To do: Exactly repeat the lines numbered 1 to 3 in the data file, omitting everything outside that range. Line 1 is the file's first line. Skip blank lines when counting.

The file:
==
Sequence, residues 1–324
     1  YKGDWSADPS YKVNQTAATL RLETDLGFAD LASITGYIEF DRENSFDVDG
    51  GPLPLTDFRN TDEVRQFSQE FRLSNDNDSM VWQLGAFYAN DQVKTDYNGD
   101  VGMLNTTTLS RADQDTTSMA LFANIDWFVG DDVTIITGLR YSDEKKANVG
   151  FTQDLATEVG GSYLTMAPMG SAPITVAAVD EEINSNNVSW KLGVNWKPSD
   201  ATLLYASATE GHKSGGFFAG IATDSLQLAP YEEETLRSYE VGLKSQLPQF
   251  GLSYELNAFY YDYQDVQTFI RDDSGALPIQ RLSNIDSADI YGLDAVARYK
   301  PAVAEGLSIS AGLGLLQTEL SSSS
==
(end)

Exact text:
Sequence, residues 1–324
     1  YKGDWSADPS YKVNQTAATL RLETDLGFAD LASITGYIEF DRENSFDVDG
    51  GPLPLTDFRN TDEVRQFSQE FRLSNDNDSM VWQLGAFYAN DQVKTDYNGD